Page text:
variable region


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im·mu·no·glob·u·lin (Ig),

(im'yū-nō-glob'yū-lin),
One of a class of structurally related proteins, each consisting of two pairs of polypeptide chains, one pair of light (L) low molecular weight chains (κ or λ), and one pair of heavy (H) chains (γ, α, μ, δ, and ε), usually all four linked by disulfide bonds. On the basis of the structural and antigenic properties of the H chains, immunoglobulins are classified (in order of relative amounts present in normal human serum) as IgG (7S in size, 80%), IgA (10-15%), IgM (19S, a pentamer of the basic unit, 5-10%), IgD (less than 0.1%), and IgE (less than 0.01%). All of these classes are homogeneous and susceptible to amino acid sequence analysis. Each class of H chain can associate with either κ or λ L chains. Subclasses of immunoglobulin, based on differences in the H chains, are referred to as IgG1, etc.
When split by papain, IgG yields three pieces: the Fc piece, consisting of the C-terminal portion of the H chains, with no antibody activity but capable of fixing complement, and crystallizable; and two identical Fab pieces, carrying the antigen-binding sites and each consisting of an L chain bound to the remainder of an H chain.
Antibodies are immunoglobulins, and all immunoglobulins probably function as antibodies. However, immunoglobulin refers not only to the usual antibodies, but also to a great number of pathologic proteins classified as myeloma proteins, which appear in multiple myeloma along with Bence Jones proteins, myeloma globulins, and immunoglobulin fragments.
From the amino acid sequences of Bence Jones proteins, it is known that all L chains are divided into a region of variable sequence (VL) and one of constant sequence (CL), each comprising about half the length of the L chain. The constant regions of all human L chains of the same type (κ or λ) are identical except for a single amino acid substitution, under genetic controls. H chains are similarly divided, although the VH region, although similar in length to the VL region, is only one third or one fourth the length of the CH region. Binding sites are a combination of VL and VH protein regions. The large number of possible combinations of L and H chains make up the "libraries" of antibodies of each individual.

variable region

n.
The portion of the amino terminal of an immunoglobulin's heavy and light chains having a variable amino acid sequence.

variable region

The part of an antibody at the tip of each arm (N-terminal region) that varies considerably in its amino acid sequence from one antibody to another. The remaining parts of the structure of antibodies are fixed and almost identical. This region is coded for by the V gene.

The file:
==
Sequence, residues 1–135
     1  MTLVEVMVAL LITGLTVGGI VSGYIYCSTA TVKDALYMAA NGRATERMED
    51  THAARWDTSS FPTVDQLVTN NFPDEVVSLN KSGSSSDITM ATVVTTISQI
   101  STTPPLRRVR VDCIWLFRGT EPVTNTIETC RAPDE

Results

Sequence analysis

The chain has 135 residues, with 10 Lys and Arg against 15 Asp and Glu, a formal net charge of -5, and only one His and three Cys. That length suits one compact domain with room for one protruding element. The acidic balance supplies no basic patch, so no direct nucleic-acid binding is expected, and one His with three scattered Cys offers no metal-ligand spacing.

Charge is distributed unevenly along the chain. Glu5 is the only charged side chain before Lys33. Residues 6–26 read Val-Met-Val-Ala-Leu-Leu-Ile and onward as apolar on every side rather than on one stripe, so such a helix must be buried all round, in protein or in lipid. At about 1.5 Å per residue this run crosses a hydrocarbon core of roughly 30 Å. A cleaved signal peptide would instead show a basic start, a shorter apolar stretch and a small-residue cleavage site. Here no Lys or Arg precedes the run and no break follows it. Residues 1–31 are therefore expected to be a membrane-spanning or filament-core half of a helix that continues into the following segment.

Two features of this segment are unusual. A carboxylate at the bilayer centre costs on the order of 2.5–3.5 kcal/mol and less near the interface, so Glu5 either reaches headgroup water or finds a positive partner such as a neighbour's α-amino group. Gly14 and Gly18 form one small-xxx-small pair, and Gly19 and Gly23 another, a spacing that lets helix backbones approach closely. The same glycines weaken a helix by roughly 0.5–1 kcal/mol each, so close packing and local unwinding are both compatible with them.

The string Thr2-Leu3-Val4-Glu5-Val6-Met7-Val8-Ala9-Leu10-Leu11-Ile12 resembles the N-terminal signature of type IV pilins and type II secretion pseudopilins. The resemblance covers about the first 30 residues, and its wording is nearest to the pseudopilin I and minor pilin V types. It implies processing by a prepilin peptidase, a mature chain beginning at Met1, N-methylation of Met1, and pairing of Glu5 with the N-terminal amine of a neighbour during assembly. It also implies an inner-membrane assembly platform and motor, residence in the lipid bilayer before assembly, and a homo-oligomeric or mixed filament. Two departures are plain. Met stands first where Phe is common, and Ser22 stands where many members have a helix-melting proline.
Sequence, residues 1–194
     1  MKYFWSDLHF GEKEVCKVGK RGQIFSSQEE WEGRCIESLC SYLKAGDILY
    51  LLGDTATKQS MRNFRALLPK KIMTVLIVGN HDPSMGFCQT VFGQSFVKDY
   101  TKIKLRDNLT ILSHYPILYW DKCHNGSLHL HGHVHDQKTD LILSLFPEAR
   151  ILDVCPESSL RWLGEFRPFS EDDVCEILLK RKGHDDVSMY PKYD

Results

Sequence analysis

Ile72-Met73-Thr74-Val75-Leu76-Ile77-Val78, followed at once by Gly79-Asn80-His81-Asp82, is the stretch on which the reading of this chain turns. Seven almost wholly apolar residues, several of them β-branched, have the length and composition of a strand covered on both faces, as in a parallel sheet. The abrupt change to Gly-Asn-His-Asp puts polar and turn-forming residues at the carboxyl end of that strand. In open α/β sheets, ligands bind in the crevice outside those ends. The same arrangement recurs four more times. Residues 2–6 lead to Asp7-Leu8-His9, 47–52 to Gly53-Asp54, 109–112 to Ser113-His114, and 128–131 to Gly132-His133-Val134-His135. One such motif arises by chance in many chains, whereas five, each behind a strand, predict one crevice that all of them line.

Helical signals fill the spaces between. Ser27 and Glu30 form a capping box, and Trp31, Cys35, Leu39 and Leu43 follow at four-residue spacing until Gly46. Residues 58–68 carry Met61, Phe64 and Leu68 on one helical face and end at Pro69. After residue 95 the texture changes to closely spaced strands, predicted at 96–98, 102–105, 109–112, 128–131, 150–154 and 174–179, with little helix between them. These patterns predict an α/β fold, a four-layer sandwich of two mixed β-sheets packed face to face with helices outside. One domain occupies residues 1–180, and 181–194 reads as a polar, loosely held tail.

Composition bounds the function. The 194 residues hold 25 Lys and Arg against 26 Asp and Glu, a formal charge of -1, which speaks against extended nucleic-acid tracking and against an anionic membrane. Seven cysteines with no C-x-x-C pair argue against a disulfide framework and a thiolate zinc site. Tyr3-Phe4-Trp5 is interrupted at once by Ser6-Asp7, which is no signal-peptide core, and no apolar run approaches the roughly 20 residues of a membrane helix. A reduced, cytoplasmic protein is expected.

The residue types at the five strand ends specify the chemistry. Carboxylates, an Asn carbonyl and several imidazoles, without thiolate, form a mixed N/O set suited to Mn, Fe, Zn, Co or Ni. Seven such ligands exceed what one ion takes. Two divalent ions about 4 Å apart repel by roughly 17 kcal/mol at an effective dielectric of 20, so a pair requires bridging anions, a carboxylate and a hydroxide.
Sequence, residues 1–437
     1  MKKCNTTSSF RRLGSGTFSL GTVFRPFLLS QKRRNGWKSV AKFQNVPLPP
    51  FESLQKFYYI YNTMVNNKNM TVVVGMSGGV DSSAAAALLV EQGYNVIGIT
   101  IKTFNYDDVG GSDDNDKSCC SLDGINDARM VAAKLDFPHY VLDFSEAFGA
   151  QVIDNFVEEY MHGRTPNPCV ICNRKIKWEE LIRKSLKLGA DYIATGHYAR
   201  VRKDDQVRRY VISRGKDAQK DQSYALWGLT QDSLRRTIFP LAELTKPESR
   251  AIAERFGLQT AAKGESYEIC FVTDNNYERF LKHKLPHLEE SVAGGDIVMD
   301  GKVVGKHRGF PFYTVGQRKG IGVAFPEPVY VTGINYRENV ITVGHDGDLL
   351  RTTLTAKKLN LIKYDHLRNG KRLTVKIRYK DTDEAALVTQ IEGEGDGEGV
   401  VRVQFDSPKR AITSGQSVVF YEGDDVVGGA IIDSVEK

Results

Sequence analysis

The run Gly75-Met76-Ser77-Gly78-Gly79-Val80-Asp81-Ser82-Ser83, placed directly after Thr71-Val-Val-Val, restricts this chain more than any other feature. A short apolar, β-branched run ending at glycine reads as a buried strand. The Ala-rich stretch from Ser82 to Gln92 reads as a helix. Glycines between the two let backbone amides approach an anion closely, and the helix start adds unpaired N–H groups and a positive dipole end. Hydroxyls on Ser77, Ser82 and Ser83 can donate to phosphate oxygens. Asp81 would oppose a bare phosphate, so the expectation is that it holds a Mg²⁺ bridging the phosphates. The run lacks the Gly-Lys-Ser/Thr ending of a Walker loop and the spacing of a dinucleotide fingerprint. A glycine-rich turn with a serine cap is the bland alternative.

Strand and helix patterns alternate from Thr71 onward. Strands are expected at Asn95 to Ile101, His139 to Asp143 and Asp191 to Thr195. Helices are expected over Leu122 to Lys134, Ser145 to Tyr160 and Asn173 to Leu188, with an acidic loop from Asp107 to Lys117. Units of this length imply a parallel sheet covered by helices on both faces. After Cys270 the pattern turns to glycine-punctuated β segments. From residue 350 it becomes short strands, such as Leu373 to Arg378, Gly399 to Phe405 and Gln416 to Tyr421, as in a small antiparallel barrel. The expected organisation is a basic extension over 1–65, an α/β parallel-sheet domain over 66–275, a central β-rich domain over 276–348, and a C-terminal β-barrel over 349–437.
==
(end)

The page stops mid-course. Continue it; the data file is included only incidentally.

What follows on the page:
variable (V) region

an area of an IMMUNOGLOBIN molecule that is specific to that particular molecule. Compare CONSTANT REGION.
References in periodicals archive ?
Only hyper variable region of 18-S rDNA gene was selected to target for amplification with common pair of oligos not only to diagnose dermatophytosis but also to differentiate between two common genera of dermatophytes based upon amplicon sizes, hence reducing the assay labour and complexity.
The variable regions make the plasmids different in size and genomic structure.
CD38 expression and immunoglobulin variable region mutations are independent prognostic variables in chronic lymphocytic leukemia, but CD38 expression may vary during the course of the disease.
The selection criteria established were as follows: the peptide had an [IC.sub.50] below 500 nM [43] and was not present in the variable region of a control IgM anti-ganglioside antibody, which is not immunogenic in the syngeneic model.
When we analyzed the sequence of our aptamer (M7-14) against one of the predominant aptamers (C3) selected by this group, we observed that the variable region of C3 and part of M7-14's variable region were 64% identical (Figure 4(a)).
The integrons variable region analysis identified the172 isolates and 8 kinds of sequence were found by PCR and sequencing them.
Monitoring M-proteins in patients with multiple myeloma using heavy-chain variable region clonotypic peptides and LC-MS/MS.
Different degrees of genetic polymorphisms were observed in the amplified variable regions of L.
I munoglobulin heavy chain variable region gene usage and mutational status of the leukemic B cells in Iranian patients with chronic lymphocytic leukemia.
A related G&D invention is described in WO2010022952A1, where the variable region switches from transparent to coloured.
This variable region, we now realize, is the part of the antibody that binds antigen, and the source of this variableness is what Lennox and Cohn were speculating about in their review.

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